How should governments minimise COVID-19’s economic damage? As economies grind to a crawl, governments are (rightfully) pursuing aggressive expansionary fiscal policies to alleviate the likely upcoming recession. Although the necessity of bold, stimulatory fiscal policy is widely agreed on by academic economists, how that should be financed is less discussed. See here for an open letter on support for jobs and business in response to the COVID-19 pandemic, currently signed by over 900 academic economists. 
Now is not the time to worry about government debt, but this it presents a problem for future governments. Moreover, some of the worst afflicted countries’ debt ratios are above 100% of their GDP. However, governments have an experimental alternative to bond-based borrowing: helicopter money.
Helicopter money was a thought experiment by economist Milton Friedman. He proposed that central banks can increase inflation to whatever level it desired by giving money to the population with the promise that it will permanently stay in circulation . The idea has never taken off for two reasons:
- Conventional contemporary monetary policy involves controlling the cost of borrowing via manipulating interest rates, not the monetary base, which is the amount of money in the economy.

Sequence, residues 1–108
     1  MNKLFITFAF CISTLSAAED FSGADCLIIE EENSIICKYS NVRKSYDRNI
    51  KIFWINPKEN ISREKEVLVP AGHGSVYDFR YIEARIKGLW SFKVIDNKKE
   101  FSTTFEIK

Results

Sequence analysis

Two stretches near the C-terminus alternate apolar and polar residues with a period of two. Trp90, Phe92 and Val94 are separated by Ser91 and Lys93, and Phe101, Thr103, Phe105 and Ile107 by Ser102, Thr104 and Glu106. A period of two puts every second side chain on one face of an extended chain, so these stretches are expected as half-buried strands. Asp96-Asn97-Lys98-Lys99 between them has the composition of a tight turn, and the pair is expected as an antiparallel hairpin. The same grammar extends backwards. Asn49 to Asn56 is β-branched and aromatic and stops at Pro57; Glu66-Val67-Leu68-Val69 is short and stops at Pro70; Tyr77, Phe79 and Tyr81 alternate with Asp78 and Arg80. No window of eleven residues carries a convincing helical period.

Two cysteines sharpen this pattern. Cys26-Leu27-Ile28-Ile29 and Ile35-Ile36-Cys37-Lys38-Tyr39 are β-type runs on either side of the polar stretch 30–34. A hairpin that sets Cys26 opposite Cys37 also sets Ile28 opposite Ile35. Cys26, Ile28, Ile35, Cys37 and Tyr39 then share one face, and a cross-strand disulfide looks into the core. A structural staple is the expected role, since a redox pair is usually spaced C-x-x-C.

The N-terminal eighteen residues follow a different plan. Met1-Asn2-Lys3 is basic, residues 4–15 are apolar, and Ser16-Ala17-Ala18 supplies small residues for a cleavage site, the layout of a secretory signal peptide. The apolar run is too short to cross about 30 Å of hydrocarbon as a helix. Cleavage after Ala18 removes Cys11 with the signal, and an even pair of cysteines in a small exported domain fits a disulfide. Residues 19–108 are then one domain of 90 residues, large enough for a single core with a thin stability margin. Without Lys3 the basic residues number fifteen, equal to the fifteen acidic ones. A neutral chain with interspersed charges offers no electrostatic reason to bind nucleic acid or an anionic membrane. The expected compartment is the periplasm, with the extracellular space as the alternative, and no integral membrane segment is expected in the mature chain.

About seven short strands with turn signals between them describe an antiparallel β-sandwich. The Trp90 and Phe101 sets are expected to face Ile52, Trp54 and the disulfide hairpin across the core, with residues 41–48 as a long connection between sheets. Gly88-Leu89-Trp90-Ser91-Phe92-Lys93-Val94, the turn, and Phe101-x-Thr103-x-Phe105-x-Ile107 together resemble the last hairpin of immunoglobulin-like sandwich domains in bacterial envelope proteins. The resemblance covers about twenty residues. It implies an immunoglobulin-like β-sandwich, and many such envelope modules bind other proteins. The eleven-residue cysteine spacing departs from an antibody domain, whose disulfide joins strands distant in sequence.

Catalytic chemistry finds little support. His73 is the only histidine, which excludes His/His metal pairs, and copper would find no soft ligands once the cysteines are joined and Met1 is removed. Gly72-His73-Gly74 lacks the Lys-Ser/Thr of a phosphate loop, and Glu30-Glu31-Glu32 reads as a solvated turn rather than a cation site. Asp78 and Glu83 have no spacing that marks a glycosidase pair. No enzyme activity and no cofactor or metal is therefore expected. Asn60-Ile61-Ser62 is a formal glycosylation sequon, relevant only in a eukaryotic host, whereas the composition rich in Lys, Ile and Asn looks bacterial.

- Central banks pay interest on reserves, money that banks keep with the central bank, to control the economy’s interest rates, whereas Friedman’s essay assumes that reserves had zero interest rates.
However, that is not what economists mean when they refer to helicopter today. Now, helicopter money is ‘a fiscal expansion that is financed by central bank money rather than bonds’. Cecchetti and Schoenholtz provide an excellent explanation of the accounting behind helicopter money with the balance sheets of the central bank, the Treasury and the consolidated government . In other words, helicopter money permanently increases the economy’s money supply, which increases our nominalpurchasing power.